Archive for the ‘new york city’ Tag

Maine Men

In October 2009, two twenty-something guys opened up Luke’s Lobster— a seafood shack in New York’s East Village. Less than a year later, they expanded, setting up a second, larger Luke’s on the city’s the Upper East Side. Here, in a new GQ blog series, Ben Conniff reveals why he and Luke Holden quit their day jobs to dive into the shark-infested waters of the N.Y.C. restaurant business—and how they’re scrapping their way to the top of the heap

from GQ, July 29, 2010

One afternoon in July of 2009, my cell phone started buzzing. I had recently sent an article to a popular food magazine, and my editor’s name was blinking on my screen. I’d been freelance writing for some decent publications in New York, but money was still tight. My editor was writing to say she loved the story. She was even going to pay me this time. As soon as the story ran. Sometime in 2010. Exactly one year ago today, I opened my laptop and turned to the place where everyone goes when they discover something missing in their lives: Craigslist.

I was ready to stop writing about food and start making it. But no restaurants were looking to hire an Ivy League keyboard pecker whose only food-service experience was seven teenage years spent eating the merchandise at a Connecticut doughnut shop. Surfing Craigslist was a real Hail Mary, and that day it paid off: I came across an ad for a nascent lobster-roll business looking for someone smart, talented, and hardworking to help create something special. I was none of those things. But I was sure I could learn.

lobster-roll-in-hands.jpg

Luke’s Lobster roll

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Agenda: Delmonico’s Opens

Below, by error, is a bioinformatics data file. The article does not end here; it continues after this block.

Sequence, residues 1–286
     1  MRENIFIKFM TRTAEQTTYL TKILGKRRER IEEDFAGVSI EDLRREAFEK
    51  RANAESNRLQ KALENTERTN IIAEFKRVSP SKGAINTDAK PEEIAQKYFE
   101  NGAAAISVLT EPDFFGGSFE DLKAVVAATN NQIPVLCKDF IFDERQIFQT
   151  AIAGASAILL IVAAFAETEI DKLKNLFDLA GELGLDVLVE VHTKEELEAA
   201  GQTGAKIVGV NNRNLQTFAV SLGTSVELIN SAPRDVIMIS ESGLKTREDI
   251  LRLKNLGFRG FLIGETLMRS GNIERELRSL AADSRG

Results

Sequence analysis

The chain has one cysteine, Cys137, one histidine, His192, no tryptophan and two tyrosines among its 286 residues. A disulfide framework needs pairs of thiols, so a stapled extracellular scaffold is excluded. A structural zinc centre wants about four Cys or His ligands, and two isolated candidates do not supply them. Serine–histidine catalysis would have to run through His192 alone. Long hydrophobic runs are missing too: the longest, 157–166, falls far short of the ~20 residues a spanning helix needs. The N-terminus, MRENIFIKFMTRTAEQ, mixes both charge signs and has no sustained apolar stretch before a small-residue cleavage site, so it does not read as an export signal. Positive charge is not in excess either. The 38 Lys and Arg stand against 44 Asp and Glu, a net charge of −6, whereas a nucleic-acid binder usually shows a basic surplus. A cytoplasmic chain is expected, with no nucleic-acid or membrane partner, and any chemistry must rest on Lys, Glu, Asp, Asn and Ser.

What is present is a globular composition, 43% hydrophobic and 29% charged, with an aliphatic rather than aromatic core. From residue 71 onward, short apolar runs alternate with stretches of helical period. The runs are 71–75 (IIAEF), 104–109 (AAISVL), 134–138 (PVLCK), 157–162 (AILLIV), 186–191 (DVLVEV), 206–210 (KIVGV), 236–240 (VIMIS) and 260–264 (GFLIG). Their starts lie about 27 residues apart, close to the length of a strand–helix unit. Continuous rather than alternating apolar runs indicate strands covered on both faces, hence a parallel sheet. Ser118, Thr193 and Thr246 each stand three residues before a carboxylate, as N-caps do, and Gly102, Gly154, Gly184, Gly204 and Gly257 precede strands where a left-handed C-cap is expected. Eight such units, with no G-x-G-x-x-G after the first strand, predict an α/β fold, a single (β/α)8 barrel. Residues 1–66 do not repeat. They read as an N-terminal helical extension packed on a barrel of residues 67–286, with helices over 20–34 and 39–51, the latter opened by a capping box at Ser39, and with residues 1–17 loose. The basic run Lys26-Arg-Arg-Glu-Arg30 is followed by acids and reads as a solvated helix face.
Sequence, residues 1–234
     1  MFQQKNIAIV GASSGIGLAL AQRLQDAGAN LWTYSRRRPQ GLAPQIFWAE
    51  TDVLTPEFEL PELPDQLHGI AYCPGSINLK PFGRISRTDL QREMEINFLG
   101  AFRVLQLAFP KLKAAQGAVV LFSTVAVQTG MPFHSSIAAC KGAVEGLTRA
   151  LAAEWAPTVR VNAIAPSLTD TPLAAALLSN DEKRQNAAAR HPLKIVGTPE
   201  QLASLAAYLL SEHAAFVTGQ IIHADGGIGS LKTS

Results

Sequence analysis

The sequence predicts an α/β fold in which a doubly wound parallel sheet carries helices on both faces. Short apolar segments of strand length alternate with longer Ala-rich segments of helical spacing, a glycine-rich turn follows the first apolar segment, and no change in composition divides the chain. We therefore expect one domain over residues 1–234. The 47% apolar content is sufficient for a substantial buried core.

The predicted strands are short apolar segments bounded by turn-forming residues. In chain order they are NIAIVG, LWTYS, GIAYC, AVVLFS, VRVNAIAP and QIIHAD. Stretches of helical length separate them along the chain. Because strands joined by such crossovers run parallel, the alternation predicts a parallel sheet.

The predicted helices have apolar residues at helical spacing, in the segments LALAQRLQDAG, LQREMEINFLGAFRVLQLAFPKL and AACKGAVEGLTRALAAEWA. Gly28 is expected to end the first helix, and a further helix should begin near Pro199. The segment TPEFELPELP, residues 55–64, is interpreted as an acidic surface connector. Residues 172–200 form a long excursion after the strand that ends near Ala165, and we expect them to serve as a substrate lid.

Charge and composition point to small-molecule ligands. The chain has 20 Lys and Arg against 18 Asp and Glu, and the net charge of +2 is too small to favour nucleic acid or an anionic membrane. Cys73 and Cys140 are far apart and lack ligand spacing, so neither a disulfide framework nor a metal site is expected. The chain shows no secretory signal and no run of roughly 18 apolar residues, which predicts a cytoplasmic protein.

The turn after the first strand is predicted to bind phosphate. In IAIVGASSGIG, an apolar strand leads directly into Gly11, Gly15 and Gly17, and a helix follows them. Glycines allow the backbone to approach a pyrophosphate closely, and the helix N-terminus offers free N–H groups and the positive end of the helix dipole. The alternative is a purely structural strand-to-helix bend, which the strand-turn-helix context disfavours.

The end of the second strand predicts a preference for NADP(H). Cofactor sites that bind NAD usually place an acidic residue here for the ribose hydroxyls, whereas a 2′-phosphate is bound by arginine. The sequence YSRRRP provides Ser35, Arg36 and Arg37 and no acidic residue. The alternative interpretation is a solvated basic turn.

from Saveur, April 2009

1902December 13 Anniversary: Delmonico’s Opens

New York City, 1827

Italian immigrants John and Peter Delmonico helped introduce fine dining to America when they opened their first cafe, Delmonico and brother, at 23 William Street. Their Empire grew to nine locations but could not outlive Prohibition. The restaurant was raided by “dry” agents in 1921 and 1922; by 1923 it could no longer afford to operate.

The Penny Palate

I recently started a new blog called the Penny Palate, dedicated to eating and drinking cheap in New York City, at restaurants and bars and at home. In our current economy, it’s a classy site for the unabashedly stingy. Here’s a full description of the site from its about page:

from The Penny Palate

picture-11Please, sir, may I hear some more?

We know you’ve heard it before. “You have to be rich to do anything in New York.” Whether it’s a skeptical suburbanite or your I-banker friend who’s happy to drop the equivalent of your entire paycheck at swanky bars, there’s a pervasive sense that there’s no fun to be had in this city without paying a steep price. We don’t buy it.

The Penny Palate is devoted to rooting out the cheap food and drink that skeptics are too lazy to find. As Wall Street swirls deeper and deeper into the toilet, cheap restaurants are flourishing and more and more establishments are getting in on the action with “recession specials.” The heady days of the extravagant spender are past, and the hour of the penny pincher is here.

Our daily postings will tell you where to grab lunch when your wallet’s light, what bar serves up cheap drinks and free grub at happy hour, and even how to cook dinner and entertain without breaking your piggy bank. We’ll include special categories like a “Happy Hour of the Week;” “Tuck for a Buck,” which points you to great food for only a dollar; and our favorite, “The Circular Jerk,” epic journeys in food shopping and cooking led by the treasure map that is the circular.

We’re not talking Frank Bruni’s “cheap” $65 sushi special here. We’ll never recommend anything over $10, so when we say cheap, we mean it. So let’s raise a 2-for-1 pint to the thrifty New Yorker. This site’s for you.